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Chemistry International
Vol. 23, No. 6
November 2001


New Publications from the World Health Organization

Flame Retardants: Tris(2-butoxyethyl) Phosphate, Tris(2-ethylhexyl) Phosphate, and Tetrakis(hydroxymethyl) Phosphonium Salts, Environmental Health Criteria No. 218, 2000, xix + 130 pages (English, with summaries in French and Spanish), ISBN 92-4-157218-3, CHF 30.-/ USD 27.00; In developing countries: CHF 21.-, Order No. 1160218.

This book evaluates the risks to human health and the environment posed by exposure to selected flame retardants, including chemicals widely used to treat textiles. Although data were inadequate to support a full scientific evaluation, the report reaches several preliminary conclusions concerning the likelihood of risks to human health.

Compounds are covered in separate monographs. Tris(2-butoxyethyl) phosphate (TBEP) is covered in the first. TBEP is used in floor polishes and as a plasticizer in rubber and plastics. Studies of concentrations in various environmental samples show that TBEP is readily biodegradable. Most potential exposure of the general population arises from the use of TBEP in packaging materials for food and from the possible contamination of drinking-water from synthetic rubbers used in plumbing washers. The report concludes that exposure from both sources is very low. The risk to workers, exposed by the dermal route during manufacturing, was likewise judged to be very low. Studies in experimental animals indicate that the liver is the target organ for TBEP toxicity. Data on other toxic effects were judged to be weak or inconsistent.

Tris(2-ethylhexyl) phosphate (TEHP) is covered in the second monograph. TEHP is used as a flame retardant, a plasticizer for polyvinyl chloride and cellulose acetate, and a solvent. While the compound has not been detected in outdoor air, some studies have found concentrations in indoor air. The limited data on environmental fate indicate that the compound is rapidly biodegraded in natural waters. In experimental animals, the compound demonstrates low acute toxicity. Studies conducted in rats revealed no toxic effects. Although some long-term studies suggest carcinogenic potential, the report concludes that TEHP does not represent a significant carcinogenic risk to humans. In studies conducted in human volunteers, no skin irritation was reported. The report concludes that the risk to both the general population and occupationally exposed workers is very low.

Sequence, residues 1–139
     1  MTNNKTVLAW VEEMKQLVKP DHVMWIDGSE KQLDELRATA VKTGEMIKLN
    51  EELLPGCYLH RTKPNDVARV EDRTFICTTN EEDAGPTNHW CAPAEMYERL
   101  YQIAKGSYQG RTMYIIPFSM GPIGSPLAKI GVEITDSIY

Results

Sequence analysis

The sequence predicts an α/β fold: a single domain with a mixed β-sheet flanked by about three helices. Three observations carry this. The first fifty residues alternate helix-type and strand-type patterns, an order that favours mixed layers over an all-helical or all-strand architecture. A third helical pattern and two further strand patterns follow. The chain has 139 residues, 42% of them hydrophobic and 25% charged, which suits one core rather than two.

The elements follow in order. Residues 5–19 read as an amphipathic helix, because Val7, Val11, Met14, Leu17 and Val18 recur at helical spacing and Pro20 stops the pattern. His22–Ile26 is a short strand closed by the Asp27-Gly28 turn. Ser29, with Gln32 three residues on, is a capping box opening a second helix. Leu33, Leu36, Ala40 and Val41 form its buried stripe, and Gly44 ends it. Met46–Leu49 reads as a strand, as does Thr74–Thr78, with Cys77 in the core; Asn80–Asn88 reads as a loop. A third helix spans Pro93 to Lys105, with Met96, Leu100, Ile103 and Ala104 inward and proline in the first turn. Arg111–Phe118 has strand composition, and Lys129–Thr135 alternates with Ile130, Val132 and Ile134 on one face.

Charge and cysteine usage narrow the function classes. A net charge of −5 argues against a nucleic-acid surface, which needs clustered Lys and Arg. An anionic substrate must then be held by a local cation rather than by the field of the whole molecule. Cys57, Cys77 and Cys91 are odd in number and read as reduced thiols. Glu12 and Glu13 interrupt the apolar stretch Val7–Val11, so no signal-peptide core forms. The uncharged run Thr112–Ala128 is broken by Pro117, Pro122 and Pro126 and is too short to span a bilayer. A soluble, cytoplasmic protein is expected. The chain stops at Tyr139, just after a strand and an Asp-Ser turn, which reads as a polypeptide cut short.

The final and most extensive monograph evaluates tetrakis(hydroxymethyl) phosphonium (THP) salts.

These compounds are the major class of chemicals used as flame retardants for cotton, cellulose, and cellulose-blend fabrics. Data were considered inadequate to support an evaluation of effects on the environment. Studies conducted in animals show moderate acute toxicity and low dermal toxicity. The liver is the main target organ for toxic effects in experimental animals. The report found no convincing evidence that fabrics treated with THP salts are mutagenic or carcinogenic. Concerning possible migration from textiles, the report cites evidence that the flame retardant polymer is not released during cleaning processes that would normally be employed by consumers.

All three monographs conclude with a list of further studies needed to support a full scientific evaluation.




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